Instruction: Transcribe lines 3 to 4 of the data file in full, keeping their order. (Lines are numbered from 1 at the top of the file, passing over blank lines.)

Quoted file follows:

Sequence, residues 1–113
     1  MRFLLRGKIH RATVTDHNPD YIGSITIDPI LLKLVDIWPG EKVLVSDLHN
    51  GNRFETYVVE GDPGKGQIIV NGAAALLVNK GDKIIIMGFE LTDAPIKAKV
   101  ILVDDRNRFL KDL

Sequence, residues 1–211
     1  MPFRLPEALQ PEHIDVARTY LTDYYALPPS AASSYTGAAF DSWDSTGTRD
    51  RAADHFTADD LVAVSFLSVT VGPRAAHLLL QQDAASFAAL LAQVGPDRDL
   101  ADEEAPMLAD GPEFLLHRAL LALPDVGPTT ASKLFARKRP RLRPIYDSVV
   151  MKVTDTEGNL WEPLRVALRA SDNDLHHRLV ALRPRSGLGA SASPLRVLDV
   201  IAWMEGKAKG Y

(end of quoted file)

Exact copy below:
    51  GNRFETYVVE GDPGKGQIIV NGAAALLVNK GDKIIIMGFE LTDAPIKAKV
   101  ILVDDRNRFL KDL